Today’s book, Vestiges of Old Madras, 1640-1800: traced from the East India Company’s records preserved at Fort St George and the India Office and from other sources Volume 4 – Index Volume by Henry Davison Love is here as a representative of all three volumes edited from primary sources by Love. Whilst only this index sits on my desk, the three volumes to which it refers are freely available on the Internet.
Love’s first volume contains a selection of accounts and descriptions of Fort St George and is the one in which there are a number of references to Thomas Bowrey taken from the East India Company records and Sir Richard Carnac Temple’s publications. At the beginning of chapter five, Love comments that considering the number of Europeans frequenting Madras – merchants, soldiers, clergymen, doctors and ships’ captains – it is remarkable that so few writings of this period are extant regarding Fort St George and its social life. Despite Love’s hopes, no other old manuscripts like those of … Thomas Bowrey have since been discovered and this is one of the reasons why Thomas’ papers are still considered important today.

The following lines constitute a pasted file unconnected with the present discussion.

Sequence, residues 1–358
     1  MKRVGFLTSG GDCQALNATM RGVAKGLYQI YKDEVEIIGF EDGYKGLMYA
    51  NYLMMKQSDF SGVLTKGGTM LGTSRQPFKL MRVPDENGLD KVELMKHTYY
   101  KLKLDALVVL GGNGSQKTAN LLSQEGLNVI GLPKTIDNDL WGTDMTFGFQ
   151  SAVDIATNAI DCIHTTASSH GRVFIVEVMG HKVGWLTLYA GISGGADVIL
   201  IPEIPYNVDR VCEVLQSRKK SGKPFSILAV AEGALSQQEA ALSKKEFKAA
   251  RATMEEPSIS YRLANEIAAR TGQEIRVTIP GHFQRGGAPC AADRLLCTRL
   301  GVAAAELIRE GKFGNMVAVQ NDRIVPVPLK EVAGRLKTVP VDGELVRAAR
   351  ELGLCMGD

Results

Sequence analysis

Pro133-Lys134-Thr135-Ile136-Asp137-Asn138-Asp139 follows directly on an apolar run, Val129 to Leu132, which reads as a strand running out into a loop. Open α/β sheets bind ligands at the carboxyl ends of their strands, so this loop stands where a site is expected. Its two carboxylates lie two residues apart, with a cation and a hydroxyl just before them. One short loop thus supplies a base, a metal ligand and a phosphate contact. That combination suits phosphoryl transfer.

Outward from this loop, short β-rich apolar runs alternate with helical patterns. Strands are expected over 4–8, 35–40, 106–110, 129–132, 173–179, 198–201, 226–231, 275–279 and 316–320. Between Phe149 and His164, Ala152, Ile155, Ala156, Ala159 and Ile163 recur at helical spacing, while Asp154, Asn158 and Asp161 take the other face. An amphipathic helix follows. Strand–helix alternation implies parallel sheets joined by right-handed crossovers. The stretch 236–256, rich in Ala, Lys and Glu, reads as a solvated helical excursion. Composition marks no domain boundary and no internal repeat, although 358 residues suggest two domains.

For anyone researching early Madras residents, volume one’s many lists of residents are particularly useful. Many of Thomas’ friends and associates are listed here but nowhere else other than in his papers. At present, without the work of Love and others who have painstakingly edited some of the Company records, it would be an almost a huge task to find some of these individuals in the manuscript copies at the British Library. It is one of the reasons that, alongside writing his biography, I am slowly building a more detailed catalogue of all Thomas’ papers and other records relating to him.